What is the difference between 2.5D and 3D?


A CNC Router is (typically) a 3 axis machine.

Y Axis – front to back motion

X Axis – Side to side (left/right) motion

Z Axis – Up and down motion.

2.5D milling refers to the CNC’s ability to move the cutter along X and Y in a synchronized manner with the Z axis moving only a predetermined about during each pass.  As an example, if you were cutting a square that was 2″ x 2″ all the way through 1/2″ material and you want a hole in the center of the square that is .75″ in diameter but you only want it to go down .25″, the machine will move X and Y to form the circle and Z will lower after each pass depending on the depth per pass setting in your software.  So if you have depth per pass set to .125″, then the first pass will make the circle with the Z lowered .125″ so the circle will be .125″ deep after the first pass, then it will lower another .125″ for the second and final pass. When it is done you will have a circle that is “pocketed” .25″ deep into the material.

When the perimeter of the square is cut out, X and Y will move around the square, again with Z lowering .125″ per pass until it reaches the .5″ material thickness.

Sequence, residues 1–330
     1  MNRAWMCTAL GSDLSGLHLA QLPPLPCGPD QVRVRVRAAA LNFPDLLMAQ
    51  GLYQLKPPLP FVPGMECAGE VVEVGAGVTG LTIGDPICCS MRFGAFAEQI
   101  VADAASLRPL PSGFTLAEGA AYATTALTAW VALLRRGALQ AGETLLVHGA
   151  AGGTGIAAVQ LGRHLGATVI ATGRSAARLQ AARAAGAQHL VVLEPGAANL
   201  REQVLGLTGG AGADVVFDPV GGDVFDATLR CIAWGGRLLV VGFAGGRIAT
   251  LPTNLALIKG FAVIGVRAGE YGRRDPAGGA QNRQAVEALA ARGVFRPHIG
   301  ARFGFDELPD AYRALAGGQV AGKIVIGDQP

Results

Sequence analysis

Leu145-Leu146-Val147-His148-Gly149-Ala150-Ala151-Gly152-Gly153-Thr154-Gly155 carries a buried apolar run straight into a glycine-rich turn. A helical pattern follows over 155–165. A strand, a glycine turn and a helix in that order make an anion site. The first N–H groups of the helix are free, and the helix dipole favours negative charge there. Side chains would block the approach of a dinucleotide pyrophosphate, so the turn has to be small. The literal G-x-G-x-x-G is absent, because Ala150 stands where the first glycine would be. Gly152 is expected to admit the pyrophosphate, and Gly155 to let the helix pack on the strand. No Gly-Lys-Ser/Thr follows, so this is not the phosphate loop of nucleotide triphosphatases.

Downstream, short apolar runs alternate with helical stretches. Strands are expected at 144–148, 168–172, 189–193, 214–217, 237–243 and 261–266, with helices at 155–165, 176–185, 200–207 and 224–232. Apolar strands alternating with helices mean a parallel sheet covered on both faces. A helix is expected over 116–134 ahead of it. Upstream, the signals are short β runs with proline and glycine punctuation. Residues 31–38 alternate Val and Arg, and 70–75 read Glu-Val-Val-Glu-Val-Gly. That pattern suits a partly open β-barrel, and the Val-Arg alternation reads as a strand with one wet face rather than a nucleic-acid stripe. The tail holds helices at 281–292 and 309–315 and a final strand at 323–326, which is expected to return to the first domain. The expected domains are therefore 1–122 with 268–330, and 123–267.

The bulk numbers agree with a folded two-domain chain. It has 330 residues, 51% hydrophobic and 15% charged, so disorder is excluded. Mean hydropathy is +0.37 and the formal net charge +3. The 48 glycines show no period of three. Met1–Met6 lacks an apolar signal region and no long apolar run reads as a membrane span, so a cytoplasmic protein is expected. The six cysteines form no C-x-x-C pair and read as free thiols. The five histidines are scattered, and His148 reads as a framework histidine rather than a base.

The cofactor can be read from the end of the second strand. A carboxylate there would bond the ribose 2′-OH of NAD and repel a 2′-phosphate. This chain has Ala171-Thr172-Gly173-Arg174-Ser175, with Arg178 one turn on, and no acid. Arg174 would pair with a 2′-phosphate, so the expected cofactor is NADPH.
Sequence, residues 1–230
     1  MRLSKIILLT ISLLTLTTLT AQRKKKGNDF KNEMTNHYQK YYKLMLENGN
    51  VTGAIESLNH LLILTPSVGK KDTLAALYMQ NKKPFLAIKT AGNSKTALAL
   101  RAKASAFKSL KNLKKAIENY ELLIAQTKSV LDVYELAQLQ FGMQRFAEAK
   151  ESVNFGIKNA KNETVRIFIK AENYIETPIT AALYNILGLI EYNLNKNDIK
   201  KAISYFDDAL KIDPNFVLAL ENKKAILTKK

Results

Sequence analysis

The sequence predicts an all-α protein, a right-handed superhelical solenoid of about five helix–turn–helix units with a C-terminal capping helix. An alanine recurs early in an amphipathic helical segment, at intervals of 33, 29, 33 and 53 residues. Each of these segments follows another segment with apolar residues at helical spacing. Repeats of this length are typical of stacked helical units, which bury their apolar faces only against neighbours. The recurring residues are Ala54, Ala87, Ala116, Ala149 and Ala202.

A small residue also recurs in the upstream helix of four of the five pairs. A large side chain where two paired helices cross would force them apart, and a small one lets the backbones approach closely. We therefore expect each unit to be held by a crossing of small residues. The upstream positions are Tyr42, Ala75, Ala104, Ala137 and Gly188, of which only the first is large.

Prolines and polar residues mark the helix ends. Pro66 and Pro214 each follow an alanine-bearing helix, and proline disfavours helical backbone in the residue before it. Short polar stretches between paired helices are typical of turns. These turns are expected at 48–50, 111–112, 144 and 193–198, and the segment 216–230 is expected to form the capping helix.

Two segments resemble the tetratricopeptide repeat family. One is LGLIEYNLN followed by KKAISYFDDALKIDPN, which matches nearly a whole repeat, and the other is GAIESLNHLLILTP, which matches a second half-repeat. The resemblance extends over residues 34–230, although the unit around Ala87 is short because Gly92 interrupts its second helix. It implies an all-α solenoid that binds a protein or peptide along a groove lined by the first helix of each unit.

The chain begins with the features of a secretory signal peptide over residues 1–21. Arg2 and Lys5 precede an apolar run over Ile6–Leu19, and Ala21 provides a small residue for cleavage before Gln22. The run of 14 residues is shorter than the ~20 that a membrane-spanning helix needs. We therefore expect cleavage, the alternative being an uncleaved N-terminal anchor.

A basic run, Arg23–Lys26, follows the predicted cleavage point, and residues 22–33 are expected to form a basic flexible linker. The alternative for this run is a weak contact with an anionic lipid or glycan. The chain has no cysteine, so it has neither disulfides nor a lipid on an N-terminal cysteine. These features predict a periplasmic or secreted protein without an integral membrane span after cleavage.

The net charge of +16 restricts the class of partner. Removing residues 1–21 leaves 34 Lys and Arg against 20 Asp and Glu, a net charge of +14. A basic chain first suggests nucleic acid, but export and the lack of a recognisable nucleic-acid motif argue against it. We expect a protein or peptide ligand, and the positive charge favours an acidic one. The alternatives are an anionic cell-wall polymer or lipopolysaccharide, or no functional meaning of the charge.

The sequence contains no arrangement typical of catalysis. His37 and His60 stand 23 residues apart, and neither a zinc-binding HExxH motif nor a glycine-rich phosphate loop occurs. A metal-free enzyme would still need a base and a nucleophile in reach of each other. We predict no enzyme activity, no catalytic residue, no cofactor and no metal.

When 2.5D milling, all depths that you cut will be flat bottomed with 90 degree sides.  So the bit will only plunge straight into the workpiece.

Most CAM programs support 2.5D milling.  Vectric Cut 2D and V Carve do a great job.

3D milling refers to the CNC’s ability to move X, Y and Z all at the same time in a synchronized fashion to create contoured bottoms, sides and tops of objects.  Many times this will be called 3D carving of material.  Depending on the shape that you are carving, you will most likely be using a ball nose end mill to provide smooth contoured surfaces.

Vectric Cut 3D and V Carve support 3D milling/carving operations

 



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